The Department of Defense is firmly committed to developing and sustaining a culture and fostering an environment where diversity is valued and leveraged, all employees are treated with dignity and respect, and have equal access to opportunity. Moreover, our workforce should be reflective of society as a whole. To that end, the pursuit of diversity in the workforce can best be advanced by a combination of commitment from top management coupled with a diligent desire from the remaining workforce to harness the strengths of our individual differences. Practicing inclusive management creates a high performing work environment where all employees are optimal contributors to the mission objectives which are directly linked to the strategic plan.
The Secretary of Defense has declared a critical agency need to “get much more energy into achieving diversity at senior levels.” The Defense Human Resources Board (DHRB) is charged with overseeing the “way forward” to improving the diversity of both the Senior Executive Service (SES) and the General Officer/Flag Officer (GO/FO) Corps.
The DHRB formed the Diversity Working Group (DWG) to analyze the situation, exchange ideas on improvement, share creative strategies, generate ideas to jumpstart the process, and get senior leadership to speak out on this matter. The DWG has held several meetings on this initiative with representatives from the Services and Washington Headquarters Services (WHS). Dr. David Chu, Under Secretary of Defense for Personnel & Readiness, serves as the Chair of the DHRB.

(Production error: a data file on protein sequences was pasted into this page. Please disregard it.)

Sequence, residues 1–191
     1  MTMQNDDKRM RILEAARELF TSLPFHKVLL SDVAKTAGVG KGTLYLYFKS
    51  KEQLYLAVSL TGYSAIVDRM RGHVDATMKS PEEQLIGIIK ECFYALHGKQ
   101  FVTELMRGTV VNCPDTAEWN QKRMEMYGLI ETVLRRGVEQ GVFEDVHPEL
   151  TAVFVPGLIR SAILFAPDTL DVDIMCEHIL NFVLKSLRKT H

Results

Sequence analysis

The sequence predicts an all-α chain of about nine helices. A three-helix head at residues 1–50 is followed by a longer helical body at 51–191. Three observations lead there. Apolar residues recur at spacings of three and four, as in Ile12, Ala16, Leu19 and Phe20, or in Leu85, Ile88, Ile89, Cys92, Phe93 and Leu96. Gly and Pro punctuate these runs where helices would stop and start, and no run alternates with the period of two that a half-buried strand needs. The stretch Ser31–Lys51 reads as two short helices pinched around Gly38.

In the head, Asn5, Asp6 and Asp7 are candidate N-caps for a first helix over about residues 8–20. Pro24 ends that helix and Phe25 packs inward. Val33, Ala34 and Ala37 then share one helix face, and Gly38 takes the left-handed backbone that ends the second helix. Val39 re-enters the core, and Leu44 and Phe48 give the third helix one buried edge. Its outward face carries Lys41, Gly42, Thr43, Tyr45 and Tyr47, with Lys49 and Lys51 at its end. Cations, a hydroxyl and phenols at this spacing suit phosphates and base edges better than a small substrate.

Managing diversity is defined as planning and implementing organizational systems and practices to manage people so that the potential advantages of diversity are maximized, while its potential disadvantages are minimized.
Potential disadvantages of diversity are minimized through the tenets of equal employment opportunity (EEO) and affirmative employment. EEO refers to the laws and governing principles that prohibit discrimination on the bases of gender, color, race, religion, pregnancy, national origin, age, disability, and reprisal. Agencies have an ongoing obligation to eliminate barriers that impede free and open competition in the workplace and prevent individuals of any racial or national origin group or sex from realizing their full potential.
Affirmative employment is the second tenet that minimizes potential disadvantages of diversity. It emphasizes the philosophy of hiring and maintaining a workforce that is representative of the overall population. Responsibilities of affirmative employment include collecting and analyzing data on the agency’s employment activities and accomplishments. Defense agencies and organizations are encouraged to periodically review their demographic profiles. A statistical snapshot may be useful as an initial diagnostic tool, but conclusions concerning the existence of workplace barriers cannot be drawn from simple numerical assessments. This leads us to the third important tenet of diversity.